Friday, September 05, 2008

UC - willful misconduct - working to the best of one's ability

Thompson v. UCBR - Commonwealth Court - September 5, 22008 - unreported memorandum decision
Unsatisfactory job performance does not necessarily disqualify a claimant for benefits because incompetence, inexperience or inability to do the job does not amount to willful misconduct. Geslao v. UCBR, 519 A.2d 1096, 1097 (Pa. Cmwlth. 1987). In this regard, “a finding that a claimant has worked to the best of his ability negates a conclusion of willful misconduct.” Norman Ashton Klinger & Associates, P.C. v. UCBR, 561 A.2d 841, 843 (Pa. Cmwlth. 1989).

However, contrary to Claimant’s assertion, a claimant’s failure to work to the best of his ability can constitute willful misconduct. Specifically, this Court has explained: employee’s on the job performance is below the level of his or her ability and this conduct continues over a period of time despite the employee being aware of it as such, it is considered a conscious or careless disregard of the employer’s interest and constitutes willful misconduct. Younes v. UCBR, 467 A.2d 1227, 1228 (Pa. Cmwlth. 1983).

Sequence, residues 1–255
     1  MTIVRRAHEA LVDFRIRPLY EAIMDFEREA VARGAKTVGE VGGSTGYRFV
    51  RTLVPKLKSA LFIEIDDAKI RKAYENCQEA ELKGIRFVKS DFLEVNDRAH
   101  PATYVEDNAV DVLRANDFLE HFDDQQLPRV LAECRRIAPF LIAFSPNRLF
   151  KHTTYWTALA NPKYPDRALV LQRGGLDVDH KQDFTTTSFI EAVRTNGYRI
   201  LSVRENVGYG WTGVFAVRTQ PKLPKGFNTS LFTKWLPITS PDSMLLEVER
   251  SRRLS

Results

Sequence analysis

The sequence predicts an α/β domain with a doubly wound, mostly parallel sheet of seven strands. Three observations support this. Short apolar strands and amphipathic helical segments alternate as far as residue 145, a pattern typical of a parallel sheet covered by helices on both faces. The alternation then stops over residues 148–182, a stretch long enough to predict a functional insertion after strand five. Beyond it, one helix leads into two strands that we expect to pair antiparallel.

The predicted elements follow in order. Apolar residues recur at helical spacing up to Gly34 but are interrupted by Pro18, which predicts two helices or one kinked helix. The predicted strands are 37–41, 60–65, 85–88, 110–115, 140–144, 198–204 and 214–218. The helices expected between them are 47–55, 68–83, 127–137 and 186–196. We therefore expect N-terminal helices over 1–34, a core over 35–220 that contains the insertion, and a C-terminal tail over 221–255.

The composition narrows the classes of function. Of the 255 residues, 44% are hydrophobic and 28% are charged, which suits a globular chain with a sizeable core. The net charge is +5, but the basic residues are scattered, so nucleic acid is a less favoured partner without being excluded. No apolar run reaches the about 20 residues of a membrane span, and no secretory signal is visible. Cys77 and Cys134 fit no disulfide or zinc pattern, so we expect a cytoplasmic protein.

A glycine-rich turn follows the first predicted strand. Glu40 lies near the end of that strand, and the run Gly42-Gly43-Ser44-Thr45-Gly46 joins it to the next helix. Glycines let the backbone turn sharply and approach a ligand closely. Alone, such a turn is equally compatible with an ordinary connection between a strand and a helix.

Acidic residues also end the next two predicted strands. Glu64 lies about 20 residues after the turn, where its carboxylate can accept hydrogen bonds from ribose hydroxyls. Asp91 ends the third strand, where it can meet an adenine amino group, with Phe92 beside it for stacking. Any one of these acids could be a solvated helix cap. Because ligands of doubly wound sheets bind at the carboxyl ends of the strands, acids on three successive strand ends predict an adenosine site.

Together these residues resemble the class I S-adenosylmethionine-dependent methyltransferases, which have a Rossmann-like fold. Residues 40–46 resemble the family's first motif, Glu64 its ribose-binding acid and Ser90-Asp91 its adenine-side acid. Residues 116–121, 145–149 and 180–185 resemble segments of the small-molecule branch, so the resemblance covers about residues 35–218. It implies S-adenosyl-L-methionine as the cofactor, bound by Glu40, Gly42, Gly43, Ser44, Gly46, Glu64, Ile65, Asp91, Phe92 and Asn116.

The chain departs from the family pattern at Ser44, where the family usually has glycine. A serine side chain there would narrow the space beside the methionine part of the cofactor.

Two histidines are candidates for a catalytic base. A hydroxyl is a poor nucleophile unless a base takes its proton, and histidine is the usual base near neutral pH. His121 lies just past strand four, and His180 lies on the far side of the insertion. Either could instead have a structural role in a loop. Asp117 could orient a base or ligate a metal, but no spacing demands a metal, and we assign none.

Further, “a showing of actual intent to wrong the Employer is not required. Claimant’s conscious indifference to his employment duties is enough to support a finding of willful misconduct.” Cullison v. UCBR, 444 A.2d 1330, 1331 (Pa. Cmwlth. 1982).

We reject Claimant’s assertion that the Board incorrectly focused on whether Claimant worked to the best of his ability. This standard has a foundation in our precedent. Not working to the best of a person’s ability contains the element of intentionality that rises to willful misconduct if the person is capable of performing the job properly but does not do so.